Strand Bookstore

Strand Bookstore

The bus was unable to leave New York City until 8:30 p.m. because an elderly woman failed to show up at the pick up spot. They contacted her via cell phone but they had a hell of a time directing her to 8th Avenue and 51st Street. Eventually she managed to get a cab. There was some talk of putting her on a Do Not Ride list which alarmed me because I didn’t know Susquehanna Trailways could refuse service. I’ll have to be more careful to show up at the pickup spot myself. On the long bus ride home I felt a real rush of inspiration which reminded me of what that feels like. I was reminded that nothing the theater community offers could compare to what I already possess. There is something peculiar in how the world inspires me which creates wonder for me but which cannot be invested into anything.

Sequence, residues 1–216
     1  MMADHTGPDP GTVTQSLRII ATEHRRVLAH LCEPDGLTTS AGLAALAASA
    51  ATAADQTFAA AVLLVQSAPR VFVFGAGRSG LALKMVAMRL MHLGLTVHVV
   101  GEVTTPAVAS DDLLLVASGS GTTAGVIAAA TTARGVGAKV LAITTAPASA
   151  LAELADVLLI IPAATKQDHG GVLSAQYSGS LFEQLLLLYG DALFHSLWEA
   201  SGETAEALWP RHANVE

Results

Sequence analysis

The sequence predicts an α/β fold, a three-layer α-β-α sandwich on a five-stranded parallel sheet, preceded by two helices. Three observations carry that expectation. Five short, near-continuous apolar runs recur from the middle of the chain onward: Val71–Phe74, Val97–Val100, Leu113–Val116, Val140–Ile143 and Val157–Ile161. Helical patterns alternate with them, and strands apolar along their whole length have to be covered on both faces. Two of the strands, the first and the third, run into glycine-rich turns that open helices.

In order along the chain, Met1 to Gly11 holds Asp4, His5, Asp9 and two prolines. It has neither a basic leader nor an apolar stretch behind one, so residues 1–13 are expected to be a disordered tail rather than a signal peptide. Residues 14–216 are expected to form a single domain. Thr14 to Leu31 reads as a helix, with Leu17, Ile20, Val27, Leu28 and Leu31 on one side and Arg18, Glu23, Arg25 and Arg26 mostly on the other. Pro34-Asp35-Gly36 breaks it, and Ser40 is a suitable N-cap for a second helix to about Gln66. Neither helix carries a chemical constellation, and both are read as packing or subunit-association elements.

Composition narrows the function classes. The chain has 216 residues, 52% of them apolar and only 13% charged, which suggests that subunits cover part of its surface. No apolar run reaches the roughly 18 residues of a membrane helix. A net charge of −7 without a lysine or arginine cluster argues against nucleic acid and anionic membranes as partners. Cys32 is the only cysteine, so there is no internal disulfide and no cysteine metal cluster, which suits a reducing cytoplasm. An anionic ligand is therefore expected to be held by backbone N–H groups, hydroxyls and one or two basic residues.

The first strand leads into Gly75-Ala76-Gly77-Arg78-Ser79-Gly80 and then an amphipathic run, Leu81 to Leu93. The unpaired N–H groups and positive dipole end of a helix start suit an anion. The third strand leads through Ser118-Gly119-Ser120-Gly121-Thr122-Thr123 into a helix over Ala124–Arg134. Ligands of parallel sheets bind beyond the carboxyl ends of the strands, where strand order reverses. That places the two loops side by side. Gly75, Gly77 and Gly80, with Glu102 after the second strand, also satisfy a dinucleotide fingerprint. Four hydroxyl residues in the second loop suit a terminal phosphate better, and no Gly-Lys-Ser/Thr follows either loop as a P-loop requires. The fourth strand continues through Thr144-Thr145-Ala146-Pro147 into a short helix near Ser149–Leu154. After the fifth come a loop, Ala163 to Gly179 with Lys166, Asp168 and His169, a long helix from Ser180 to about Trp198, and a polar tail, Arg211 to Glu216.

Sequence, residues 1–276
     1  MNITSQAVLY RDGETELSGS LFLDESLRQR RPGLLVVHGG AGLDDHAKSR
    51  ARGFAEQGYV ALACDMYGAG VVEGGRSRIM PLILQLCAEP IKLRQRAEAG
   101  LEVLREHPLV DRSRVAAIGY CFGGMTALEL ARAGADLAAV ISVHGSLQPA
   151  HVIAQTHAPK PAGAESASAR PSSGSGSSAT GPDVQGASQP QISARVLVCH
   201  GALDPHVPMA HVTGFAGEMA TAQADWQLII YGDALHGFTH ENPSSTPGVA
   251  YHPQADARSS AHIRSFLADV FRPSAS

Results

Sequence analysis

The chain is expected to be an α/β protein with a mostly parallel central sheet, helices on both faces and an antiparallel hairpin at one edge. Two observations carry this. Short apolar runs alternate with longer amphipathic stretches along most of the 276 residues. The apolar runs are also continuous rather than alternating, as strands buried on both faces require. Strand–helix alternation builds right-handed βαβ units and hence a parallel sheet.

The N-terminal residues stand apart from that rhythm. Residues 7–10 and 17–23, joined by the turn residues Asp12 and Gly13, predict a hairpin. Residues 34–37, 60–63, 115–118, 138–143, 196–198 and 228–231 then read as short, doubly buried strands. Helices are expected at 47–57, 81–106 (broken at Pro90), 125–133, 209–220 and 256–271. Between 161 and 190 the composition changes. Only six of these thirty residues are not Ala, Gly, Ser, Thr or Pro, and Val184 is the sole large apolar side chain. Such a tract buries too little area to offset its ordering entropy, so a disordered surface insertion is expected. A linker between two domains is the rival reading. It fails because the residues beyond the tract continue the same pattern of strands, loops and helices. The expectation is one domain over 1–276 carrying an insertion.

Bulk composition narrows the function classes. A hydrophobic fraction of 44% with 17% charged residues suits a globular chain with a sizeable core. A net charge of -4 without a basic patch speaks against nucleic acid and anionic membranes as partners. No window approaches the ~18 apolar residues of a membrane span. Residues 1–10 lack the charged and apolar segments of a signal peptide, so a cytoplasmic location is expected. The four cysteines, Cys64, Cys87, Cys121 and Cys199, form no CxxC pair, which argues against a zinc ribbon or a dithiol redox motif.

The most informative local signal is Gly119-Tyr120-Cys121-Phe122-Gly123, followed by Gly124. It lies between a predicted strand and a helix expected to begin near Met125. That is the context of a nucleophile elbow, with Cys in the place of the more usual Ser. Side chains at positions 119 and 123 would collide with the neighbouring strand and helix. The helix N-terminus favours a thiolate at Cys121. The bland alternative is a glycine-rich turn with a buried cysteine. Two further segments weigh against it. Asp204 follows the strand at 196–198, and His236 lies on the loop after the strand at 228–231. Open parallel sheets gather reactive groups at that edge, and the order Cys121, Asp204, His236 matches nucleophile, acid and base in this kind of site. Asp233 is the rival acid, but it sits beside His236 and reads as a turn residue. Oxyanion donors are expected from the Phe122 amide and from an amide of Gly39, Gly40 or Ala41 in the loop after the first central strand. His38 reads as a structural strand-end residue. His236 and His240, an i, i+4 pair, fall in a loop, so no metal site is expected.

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How To Avoid Diversity Drama

I have been following all the drama over the efforts to make our culture more diverse because it could impact my literary ambitions. I don’t object to diversity in theory because diversity is variety and like most creative people I like variety. Creative people are easily bored and feel a need to explore other cultures. They tend to be very open to new experiences, the unfamiliar, and the novel. Like most creative people I would actually get upset if I was deprived of the opportunity to read stories from different perspectives due to some bullshit like bigotry.